Coping Strategies of Ibex, Chamois and Deer

Coping Strategies of Ibex, Chamois and Deer

Hoofed animals in the Alps, such as alpine ibex (Capra ibex) and red deer (Cervus elaphus), have long stick-like legs which make it difficult for them to move around in deep snow. As soon as they sink into the snowpack it is extremely hard work for them to move around and forage. The chamois (Rupicapra rupicapra) however, has a special adaption in its hooves to make it easier to move around in snow. Learn below on the coping strategies of Ibex, Chamois and Deer and how they get by in the winter time. 

A chamois ‘hoof

A chamois hoof consists of two parts: ‘two fingers’ which are connected by a membrane. Thanks to this membrane, the surface of the hooves is enlarged, making them better adapted for moving around in snowy conditions. Red deer and alpine ibex don’t have this adaptation and so really struggle in deep snow.

Protection in the forest

Chamois normally live above the tree line, but in winter they seek the protection of the forest against cold gusts of wind. Here they also find food such as pine needles, lichen and dried leaves. When weather conditions are favourable, their well-adapted hooves also allow them to forage outside of forest cover.

Human help

Red deer spend all winter in a small territory in the woods. This way deer save energy while searching for dried plant materials, such as leaves, lichen and tree bark. Because these foods are relatively poor in nutrients, red deer can only survive winter because of their reserves. When winters get really snowy and it’s practically impossible for the deer to move around, humans often help out by placing hay feeders in the forest. But even with a helping hand, the battle with winter can really take it’s toll on deer populations.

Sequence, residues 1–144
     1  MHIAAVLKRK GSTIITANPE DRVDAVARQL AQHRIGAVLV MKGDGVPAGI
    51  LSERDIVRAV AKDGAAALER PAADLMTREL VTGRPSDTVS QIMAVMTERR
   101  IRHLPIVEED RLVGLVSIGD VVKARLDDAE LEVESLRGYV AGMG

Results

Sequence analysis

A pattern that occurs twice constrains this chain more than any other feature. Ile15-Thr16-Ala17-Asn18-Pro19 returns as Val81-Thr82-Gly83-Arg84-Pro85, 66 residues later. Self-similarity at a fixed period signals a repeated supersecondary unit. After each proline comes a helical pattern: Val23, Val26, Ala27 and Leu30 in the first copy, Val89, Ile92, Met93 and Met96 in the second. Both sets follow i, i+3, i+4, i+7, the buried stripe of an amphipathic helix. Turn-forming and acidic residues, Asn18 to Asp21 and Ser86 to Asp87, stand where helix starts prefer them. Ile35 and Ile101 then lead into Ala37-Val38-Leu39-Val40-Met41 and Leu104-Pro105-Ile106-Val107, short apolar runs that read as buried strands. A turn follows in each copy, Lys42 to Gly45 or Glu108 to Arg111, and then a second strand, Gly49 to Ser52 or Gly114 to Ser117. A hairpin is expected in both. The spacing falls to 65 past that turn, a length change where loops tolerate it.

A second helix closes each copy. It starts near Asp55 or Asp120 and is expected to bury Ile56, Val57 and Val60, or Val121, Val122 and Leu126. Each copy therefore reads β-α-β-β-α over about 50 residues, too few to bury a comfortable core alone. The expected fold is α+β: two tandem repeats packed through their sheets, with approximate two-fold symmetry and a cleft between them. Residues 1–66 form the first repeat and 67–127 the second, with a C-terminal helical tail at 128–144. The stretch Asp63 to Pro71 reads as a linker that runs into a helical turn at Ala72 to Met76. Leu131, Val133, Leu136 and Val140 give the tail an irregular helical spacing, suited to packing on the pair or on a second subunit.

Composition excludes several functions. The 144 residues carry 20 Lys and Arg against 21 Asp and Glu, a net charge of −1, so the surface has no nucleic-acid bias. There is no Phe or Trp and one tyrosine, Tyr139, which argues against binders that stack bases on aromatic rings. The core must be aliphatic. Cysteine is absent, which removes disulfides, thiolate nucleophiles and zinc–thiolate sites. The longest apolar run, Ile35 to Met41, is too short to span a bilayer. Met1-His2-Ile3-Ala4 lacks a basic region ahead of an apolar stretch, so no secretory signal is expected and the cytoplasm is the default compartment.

Darker fur

Rather stay away from the forest, Alpine Ibex prefer to spend the winter months high up in the mountains. They avoid colder north slopes and seek warmth on sunnier southern facing mountain sides. To warm up faster when the sun is out, the winter coat of an ibex is not only thicker and longer, but also darker. After all, a darker winter coat is better at capturing the sun’s rays. Red deer fur also turns darker in winter and a chamois’ coat changes from beige in summer to dark brown in winter.

Other articles in this series:

This is the last blog of a series in which I discuss some of the extraordinary strategies and adaptations of wildlife coping with winter in the Alps:

Simone van Velzen

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